For cyclists and cycling fans alike, the jersey has come to attain symbolic value. As the largest and most visually-distinctive item of clothing worn by racing cyclists, it has become the easiest method of identification. Whether a cyclist triumphs or falters, the jersey becomes a visual synecdoche for their achievement.
A new book from Thames & Hudson, Cycling Jerseys, provides both a history and a primer of the jersey. Organised chronologically, it uses archive photography and specially-shot images to explain the most significant tops. Some were worn by great riders, others by race leaders. There are jerseys chosen, too, for their striking design or innovative technology.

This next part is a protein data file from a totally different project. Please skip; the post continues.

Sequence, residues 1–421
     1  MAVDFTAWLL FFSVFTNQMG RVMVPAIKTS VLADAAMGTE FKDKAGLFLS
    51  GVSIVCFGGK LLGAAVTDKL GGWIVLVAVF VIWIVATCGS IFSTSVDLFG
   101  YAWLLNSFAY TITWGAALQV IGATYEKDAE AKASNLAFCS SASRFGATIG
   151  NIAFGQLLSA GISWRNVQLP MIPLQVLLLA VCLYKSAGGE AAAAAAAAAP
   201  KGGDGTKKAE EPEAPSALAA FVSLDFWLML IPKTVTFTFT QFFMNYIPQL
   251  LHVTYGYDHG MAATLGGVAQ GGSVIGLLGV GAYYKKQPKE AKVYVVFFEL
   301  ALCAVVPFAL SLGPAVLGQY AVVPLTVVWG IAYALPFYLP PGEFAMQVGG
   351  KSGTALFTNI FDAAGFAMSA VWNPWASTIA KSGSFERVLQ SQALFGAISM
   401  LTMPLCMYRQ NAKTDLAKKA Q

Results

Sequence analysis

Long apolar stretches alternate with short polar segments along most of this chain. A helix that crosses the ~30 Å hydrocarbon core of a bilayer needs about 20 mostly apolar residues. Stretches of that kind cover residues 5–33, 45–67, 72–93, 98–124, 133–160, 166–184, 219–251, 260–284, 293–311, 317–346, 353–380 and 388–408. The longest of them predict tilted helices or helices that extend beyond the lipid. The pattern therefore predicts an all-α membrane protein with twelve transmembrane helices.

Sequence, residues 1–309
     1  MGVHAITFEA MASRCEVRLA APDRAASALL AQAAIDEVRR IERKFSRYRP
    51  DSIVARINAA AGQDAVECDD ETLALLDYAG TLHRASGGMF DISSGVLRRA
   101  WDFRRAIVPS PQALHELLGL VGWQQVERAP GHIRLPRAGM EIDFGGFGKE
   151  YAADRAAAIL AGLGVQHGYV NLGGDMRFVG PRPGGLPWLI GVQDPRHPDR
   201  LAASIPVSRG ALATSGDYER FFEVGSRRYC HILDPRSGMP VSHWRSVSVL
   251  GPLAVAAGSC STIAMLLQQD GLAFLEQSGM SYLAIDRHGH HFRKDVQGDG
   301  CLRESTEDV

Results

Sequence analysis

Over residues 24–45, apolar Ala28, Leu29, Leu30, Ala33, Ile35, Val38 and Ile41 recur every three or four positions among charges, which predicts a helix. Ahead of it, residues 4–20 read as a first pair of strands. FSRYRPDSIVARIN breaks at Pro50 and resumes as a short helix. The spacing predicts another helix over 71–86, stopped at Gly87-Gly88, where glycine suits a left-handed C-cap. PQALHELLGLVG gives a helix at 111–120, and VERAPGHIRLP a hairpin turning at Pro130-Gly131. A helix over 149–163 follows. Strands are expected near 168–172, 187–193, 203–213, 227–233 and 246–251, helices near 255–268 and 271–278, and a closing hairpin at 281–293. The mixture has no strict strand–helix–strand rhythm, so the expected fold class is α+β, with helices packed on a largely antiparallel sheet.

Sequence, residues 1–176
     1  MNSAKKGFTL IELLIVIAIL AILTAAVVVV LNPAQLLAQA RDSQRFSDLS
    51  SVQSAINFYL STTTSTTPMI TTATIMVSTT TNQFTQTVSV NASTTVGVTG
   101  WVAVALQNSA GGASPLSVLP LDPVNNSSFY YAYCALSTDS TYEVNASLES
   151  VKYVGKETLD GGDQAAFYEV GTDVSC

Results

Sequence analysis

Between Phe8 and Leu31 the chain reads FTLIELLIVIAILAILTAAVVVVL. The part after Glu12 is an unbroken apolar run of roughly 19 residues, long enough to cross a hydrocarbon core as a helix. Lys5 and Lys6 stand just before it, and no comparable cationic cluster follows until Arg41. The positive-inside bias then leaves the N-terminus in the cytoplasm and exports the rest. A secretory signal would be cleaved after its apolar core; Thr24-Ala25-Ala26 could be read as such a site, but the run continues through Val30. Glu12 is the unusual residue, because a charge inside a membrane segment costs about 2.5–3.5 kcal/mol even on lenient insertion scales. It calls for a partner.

Written by cycling journalist and photographer Chris Sidwells – author of A Race for Madmen: The History of the Tour de France – Cycling Jerseys should provide a scrupulously informed survey of its topic, not least because of Sidwells' own jersey collectomania. The television news anchor Matt Barbet, also a keen cyclist, has written a foreword.